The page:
Dr. Jennifer Teves, Senti AI Ask the Expert May 2021

Companies fail to future-proof when excluding older adults in product design — CX expert

Companies that fail to consider and understand the needs of older adults amid their digital transformation journey may end up struggling in future-proofing their products and services, according to Dr. Jennifer Teves, a customer experience and product experience research expert.

Dr. Teves, a research and design leader for an American consumer electronics retailer, said in an interview with local AI (artificial intelligence) company Senti AI that companies often fail to see older adults as a viable target market when designing products or upgrading their technology.

“One of the things that companies have to realize is that whatever difficulties that the current group of older adults is facing are all going to be difficulties that every one of us would be facing down the road,” Dr. Teves said. “That’s because we are all going to get older and we are all going to experience a number of changes in the way we function and navigate our world as we age.”

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Dr. Teves also serves as a part-time faculty for user experience design at Kent State University’s School of Information. She holds a doctoral degree in Human Factors Psychology from Wichita State University and is into research on building inclusive and accessible technologies.

Senti AI CX Expert series

In the first leg of Senti AI’s Ask the CX Expert series, Dr. Teves highlighted the importance of developing and designing products that can accommodate the needs of older adults.

“If we’re not solving for the needs of older adults right now or if we’re not solving existing issues of our products and technologies, we’re not doing ourselves a favor,” Dr. Teves said. “Failing to look at the needs of older adults and individuals with disabilities is failing to future-proof the products or services that the company is designing.”

Private and public institutions all over the world sped up their digital transformation in the past year as a response to the COVID-19 pandemic which forced most of the working population to work from home. Consumers also turned to e-commerce sites and relied on messaging platforms or apps to conduct transactions that would have usually been done in brick and mortar stores.

In the Philippines, the Bangko Sentral ng Pilipinas (Central Bank) noted an increased use of electronic fund transfer services InstaPay and PesoNET in 2020 as the government pushed for technological reforms which included digitizing the disbursement of pension and cash aid.

Digital environments

However, failing to properly design the digital environments to be accessible, intuitive, and usable may discourage older adults from engaging with online platforms — ultimately costing businesses potential customers.

Dr. Teves said that a good number of older adults in the population are made up of retired professionals who are more likely to have disposable income than the younger population.

“These are lolos (grandfather) and lolas (grandmother), the titos (uncle) and titas (aunt) who have money to spare and they might be going online shopping to send presents to members of their family. That’s part of your market. You would want them to be able to use your products and experiences,” Dr. Teves said. “When they do, they are not excluded in the world that we are creating. Simply put, when they are able to navigate in this digital age we allow them to participate actively and in the world of e-commerce, which could mean allowing them to shop and purchase online with ease.”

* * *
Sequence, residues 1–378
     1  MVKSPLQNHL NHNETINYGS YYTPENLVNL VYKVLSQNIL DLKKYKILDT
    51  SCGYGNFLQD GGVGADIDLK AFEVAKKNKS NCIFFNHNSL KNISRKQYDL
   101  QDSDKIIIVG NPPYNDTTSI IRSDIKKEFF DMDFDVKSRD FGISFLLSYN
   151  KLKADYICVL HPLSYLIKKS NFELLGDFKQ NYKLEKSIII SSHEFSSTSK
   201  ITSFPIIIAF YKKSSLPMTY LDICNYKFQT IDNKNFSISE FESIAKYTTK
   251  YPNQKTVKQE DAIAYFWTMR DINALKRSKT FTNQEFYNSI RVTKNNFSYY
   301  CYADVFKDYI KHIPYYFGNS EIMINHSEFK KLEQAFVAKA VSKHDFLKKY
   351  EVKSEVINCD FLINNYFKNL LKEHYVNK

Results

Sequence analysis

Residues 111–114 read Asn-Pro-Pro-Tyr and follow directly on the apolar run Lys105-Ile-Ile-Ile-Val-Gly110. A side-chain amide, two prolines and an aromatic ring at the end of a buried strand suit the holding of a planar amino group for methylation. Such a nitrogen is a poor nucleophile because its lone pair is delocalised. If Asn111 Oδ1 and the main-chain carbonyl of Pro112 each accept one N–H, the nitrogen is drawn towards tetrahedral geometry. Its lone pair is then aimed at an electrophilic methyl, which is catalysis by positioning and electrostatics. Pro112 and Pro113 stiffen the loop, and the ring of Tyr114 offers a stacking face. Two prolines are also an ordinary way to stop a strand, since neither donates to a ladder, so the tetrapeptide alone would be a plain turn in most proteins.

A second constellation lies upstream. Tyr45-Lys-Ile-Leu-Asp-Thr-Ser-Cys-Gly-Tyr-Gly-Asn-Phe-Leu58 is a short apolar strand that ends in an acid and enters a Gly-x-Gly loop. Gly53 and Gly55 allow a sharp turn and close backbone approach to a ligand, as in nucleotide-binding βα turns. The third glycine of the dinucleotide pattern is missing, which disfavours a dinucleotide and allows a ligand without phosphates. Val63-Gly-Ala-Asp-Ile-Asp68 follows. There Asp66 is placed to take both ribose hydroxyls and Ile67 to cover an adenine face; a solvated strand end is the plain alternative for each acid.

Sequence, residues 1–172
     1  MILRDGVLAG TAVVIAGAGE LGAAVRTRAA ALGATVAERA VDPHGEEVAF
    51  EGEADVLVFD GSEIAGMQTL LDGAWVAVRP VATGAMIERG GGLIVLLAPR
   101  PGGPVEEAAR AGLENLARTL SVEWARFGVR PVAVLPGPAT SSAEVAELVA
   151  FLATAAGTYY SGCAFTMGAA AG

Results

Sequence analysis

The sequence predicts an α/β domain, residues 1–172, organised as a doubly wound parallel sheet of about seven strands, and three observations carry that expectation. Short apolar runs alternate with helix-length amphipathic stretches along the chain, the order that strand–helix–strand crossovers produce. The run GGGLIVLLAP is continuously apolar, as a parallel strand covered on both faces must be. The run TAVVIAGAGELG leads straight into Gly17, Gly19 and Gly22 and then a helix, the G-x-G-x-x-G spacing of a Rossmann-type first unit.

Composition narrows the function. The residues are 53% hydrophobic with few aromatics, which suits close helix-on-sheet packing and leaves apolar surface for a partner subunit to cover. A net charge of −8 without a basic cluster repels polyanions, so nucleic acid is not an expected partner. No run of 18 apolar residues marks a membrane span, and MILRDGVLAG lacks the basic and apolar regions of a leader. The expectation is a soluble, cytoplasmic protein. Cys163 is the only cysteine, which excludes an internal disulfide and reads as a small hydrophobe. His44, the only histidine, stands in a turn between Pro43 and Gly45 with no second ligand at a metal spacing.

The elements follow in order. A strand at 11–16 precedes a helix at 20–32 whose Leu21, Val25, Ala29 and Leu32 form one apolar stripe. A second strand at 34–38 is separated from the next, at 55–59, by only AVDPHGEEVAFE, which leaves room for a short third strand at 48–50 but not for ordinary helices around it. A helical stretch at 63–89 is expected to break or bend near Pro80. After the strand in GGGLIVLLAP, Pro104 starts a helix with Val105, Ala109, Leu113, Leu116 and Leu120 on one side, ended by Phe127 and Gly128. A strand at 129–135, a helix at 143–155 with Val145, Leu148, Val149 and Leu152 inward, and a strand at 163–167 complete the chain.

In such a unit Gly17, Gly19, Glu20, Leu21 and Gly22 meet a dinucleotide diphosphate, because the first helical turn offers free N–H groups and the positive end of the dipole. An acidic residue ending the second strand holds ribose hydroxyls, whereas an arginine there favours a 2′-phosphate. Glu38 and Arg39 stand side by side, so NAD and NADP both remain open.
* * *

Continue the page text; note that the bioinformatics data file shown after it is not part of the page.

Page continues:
AI-enabled voice assistants

Aside from ensuring intuitive user experience in the digital environments that organizations are creating, Dr. Teves said that opting for AI solutions such as voice bots that can make transactions easier for older adults and people with disabilities is another route companies can consider.

“[I]f the voice interaction would be a less rigid set of commands for it to be able to recognize what the older adults are saying, then it would allow older adults to do their tasks using advanced technology more efficiently,” Dr. Teves said. “For example, a household that has voice-enabled devices conveniently allows its residents to interact with the digital world using an additional modality — voice interaction.”

“The residents, older adults, and individuals with disabilities included would have an option to use speech to issue commands and accomplish their tasks, which could include browsing the web or online shopping,” Dr. Teves said.

Including voice assistants as an added option for customer service is another way businesses can better cater to older adults who may prefer to conduct their transactions through phone calls or other forms of verbal communication.

As most business transactions continue to stay virtual, contact centers in the Philippines are also opting for voice AI to quickly resolve repetitive and low-level queries.

A local bank opted to integrate voice AI in their contact center as a response to soaring call volumes months into the general community quarantine. In partnership with Senti AI, the bank’s voice bot can understand Filipino and Taglish (Tagalog and English) through Voix, a contact center AI solution, made by the Filipino for the Filipino. Backed by nearly three decades of academic research and deep industry experience, Voix’s human-like conversational AI helps organizations deliver outstanding customer experiences and operational efficiency while reducing cost.